8. All Readers, while in desperate need of a modernizing face-lift, is definitely unique. Browsers can search books based on plot, setting, character, and writing style, in addition to traditional search parameters. So, if you liked a specific plot, you can find other authors who write similar kinds of stories. For example, if you just loved the mystery about the murder of a lawyer on cruise ship in the 1990’s where the investigator loves her Mom but hates cats, you can actually search for a crime story with that kind of plot and main character. Cool, huh?

9. The Book Reporter Network is a sleek website that posts thoughtful book reviews, compelling features, in-depth author profiles and interviews, excerpts of the hottest new releases, contests and more every week.

10. Book Browse is a glossy, online magazine for book lovers, that includes reviews, previews, “behind the book” back stories, author interviews, reading guides, and much more.

For more information, check out the following articles:

“17 Ways to Find a Good Book to Read” by Alex Morris,
“20 Unique Ways to Find Your Next Favorite Book” by Leigh Boyer,

‘Prey of Desire’ now available on Amazon

Prey of Desire coverThey said the disappearance of two high school students over 25 years ago was mystery that couldn’t be solved. 
No one ever said it shouldn’t be. 

Following the abrupt end of a relationship, college student Kimberly Bradford finds comfort in the friendship with her over-the-top neighbor, Mallory. And, Mallory encourages her to get back out there. She would of course if it weren’t for the thrilling little love notes and gifts she’s been receiving .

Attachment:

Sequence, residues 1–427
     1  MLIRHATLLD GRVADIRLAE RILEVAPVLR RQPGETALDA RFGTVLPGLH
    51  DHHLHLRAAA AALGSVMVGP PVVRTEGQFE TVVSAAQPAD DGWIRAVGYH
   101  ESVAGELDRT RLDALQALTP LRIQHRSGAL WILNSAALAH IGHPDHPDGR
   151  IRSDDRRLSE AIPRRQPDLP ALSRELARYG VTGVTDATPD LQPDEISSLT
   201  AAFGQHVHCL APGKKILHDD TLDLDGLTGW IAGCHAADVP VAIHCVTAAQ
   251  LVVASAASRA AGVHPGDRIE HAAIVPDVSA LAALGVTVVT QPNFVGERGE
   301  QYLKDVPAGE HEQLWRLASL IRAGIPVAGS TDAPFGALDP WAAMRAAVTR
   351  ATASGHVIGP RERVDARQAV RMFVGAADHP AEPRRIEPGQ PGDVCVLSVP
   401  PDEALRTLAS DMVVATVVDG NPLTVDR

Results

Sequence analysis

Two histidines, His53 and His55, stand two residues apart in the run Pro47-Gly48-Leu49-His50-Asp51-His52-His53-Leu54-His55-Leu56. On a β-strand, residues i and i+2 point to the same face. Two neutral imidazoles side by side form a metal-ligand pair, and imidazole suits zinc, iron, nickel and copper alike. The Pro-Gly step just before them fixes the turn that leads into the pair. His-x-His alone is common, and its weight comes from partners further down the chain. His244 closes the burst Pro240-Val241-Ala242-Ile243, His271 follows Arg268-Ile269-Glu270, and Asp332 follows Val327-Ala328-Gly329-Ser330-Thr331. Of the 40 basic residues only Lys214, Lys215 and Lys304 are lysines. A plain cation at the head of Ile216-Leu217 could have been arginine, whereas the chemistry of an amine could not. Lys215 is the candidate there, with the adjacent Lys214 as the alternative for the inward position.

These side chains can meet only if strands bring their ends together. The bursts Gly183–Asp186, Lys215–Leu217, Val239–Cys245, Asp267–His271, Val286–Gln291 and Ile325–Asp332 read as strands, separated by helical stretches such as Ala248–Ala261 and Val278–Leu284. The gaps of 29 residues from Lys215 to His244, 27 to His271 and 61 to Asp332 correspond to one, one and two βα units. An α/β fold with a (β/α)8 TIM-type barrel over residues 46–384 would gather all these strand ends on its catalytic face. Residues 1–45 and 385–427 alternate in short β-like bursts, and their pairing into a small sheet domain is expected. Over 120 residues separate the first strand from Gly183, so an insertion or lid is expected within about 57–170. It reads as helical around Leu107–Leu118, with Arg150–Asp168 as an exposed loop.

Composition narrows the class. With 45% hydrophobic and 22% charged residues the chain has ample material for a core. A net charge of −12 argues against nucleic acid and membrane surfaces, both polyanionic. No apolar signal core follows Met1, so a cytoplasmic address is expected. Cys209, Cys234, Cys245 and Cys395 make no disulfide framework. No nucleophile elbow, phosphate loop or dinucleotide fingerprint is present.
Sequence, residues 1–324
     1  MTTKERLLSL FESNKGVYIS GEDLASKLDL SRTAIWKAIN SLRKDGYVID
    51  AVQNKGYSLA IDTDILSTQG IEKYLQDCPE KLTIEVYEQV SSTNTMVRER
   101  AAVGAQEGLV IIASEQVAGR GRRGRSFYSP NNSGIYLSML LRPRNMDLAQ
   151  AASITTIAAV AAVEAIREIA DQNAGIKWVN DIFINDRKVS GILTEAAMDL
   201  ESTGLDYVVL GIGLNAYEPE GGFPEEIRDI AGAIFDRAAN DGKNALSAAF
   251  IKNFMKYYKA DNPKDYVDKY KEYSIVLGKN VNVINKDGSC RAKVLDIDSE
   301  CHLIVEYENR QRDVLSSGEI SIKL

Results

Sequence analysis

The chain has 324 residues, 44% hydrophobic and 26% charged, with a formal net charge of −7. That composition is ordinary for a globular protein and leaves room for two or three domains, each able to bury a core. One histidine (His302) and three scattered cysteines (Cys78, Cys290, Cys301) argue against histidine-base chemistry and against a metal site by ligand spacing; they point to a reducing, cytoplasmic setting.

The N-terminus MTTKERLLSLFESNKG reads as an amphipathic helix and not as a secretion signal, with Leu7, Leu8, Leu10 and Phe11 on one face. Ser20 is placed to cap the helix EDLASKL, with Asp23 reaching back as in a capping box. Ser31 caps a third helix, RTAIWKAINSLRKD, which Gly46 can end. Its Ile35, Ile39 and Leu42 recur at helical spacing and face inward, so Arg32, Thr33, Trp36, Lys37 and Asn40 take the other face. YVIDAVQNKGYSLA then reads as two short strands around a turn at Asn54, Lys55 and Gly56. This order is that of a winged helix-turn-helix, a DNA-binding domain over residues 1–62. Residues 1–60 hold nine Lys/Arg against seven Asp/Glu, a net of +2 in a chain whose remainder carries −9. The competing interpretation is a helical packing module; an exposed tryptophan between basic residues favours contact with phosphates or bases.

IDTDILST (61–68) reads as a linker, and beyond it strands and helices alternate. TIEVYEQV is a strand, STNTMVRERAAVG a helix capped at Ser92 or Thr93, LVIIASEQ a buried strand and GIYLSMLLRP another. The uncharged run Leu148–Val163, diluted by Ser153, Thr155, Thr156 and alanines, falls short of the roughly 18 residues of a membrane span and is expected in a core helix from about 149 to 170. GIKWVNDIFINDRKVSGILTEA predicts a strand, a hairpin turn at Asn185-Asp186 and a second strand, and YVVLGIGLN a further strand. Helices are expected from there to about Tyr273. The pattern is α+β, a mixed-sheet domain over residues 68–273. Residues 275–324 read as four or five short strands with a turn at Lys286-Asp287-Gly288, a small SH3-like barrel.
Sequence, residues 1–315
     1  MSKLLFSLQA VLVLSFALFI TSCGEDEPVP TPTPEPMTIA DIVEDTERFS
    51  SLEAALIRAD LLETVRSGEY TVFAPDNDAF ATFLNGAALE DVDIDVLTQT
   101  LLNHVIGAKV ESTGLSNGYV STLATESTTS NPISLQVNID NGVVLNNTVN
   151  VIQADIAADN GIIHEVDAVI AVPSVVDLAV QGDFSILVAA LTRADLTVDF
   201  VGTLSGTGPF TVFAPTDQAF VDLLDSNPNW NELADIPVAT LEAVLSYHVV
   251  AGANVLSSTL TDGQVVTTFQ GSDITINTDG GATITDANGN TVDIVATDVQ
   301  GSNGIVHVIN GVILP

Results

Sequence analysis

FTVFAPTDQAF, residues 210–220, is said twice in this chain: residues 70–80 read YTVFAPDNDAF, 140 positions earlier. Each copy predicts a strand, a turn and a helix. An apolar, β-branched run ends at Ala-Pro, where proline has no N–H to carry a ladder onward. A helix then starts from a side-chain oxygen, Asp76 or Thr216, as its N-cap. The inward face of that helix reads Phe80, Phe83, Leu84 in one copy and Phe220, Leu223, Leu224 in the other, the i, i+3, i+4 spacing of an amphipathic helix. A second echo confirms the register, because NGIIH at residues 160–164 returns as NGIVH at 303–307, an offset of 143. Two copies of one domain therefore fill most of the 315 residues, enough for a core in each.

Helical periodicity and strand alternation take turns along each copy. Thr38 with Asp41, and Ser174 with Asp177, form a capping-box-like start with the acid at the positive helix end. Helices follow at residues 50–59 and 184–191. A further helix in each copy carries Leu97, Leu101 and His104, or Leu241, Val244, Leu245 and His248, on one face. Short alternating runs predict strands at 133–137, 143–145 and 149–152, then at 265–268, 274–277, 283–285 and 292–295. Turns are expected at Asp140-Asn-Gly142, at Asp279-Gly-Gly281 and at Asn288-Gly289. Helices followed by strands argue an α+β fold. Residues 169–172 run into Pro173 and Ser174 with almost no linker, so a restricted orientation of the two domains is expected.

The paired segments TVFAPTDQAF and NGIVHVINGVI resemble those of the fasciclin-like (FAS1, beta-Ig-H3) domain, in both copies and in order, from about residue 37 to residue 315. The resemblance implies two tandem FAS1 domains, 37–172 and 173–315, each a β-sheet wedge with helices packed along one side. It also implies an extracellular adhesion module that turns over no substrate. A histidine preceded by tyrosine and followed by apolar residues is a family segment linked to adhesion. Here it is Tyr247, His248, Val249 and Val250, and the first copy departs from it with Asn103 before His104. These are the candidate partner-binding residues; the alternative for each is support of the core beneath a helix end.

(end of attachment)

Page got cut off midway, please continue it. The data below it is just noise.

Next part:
Kim thinks they’re from her ex-fiancee, not realizing he’s been murdered. Worse, whoever is sending her all the extra attention is not only in her inner-circle, but has a connection to that unsolved murder some 25 years ago. That connection puts her life in danger, and exposes secrets better left buried around her closest friends and family.

Available in paperback and Kindle on

Short Story Anthology benefits LitWorld literacy organization

913tWyXiosL._SL1500_I just purchased a copy of Library of Dreams on Amazon.

This inaugural short story collection from PSG Publishing contains the work of fourteen authors from six different countries, covering every corner of the literary dreamscape. One of those stories, “Mina’s Sactuary,” was written by a WattPad friend, Tim McFarlane.

“Mina’s Sanctuary” finds a teenage girl (who witnesses bullying at school, indifference at home and sanctuary in her paintings) embarking on an adventure in a magical realm of midevil castles, wicked witches and talking animal sidekicks. The narrative references Lewis Carroll’s “Through the Looking Glass” as inspiration, and evokes the imagery of a Disney cartoon. And like Disney, Mina (whose full name is Philomina, but she really hates being called that) must find confidence and courage to complete her journey.

Proceeds from sales of the Library of Dreams will be donated to LitWorld, a non-profit literacy organization. For more information, visit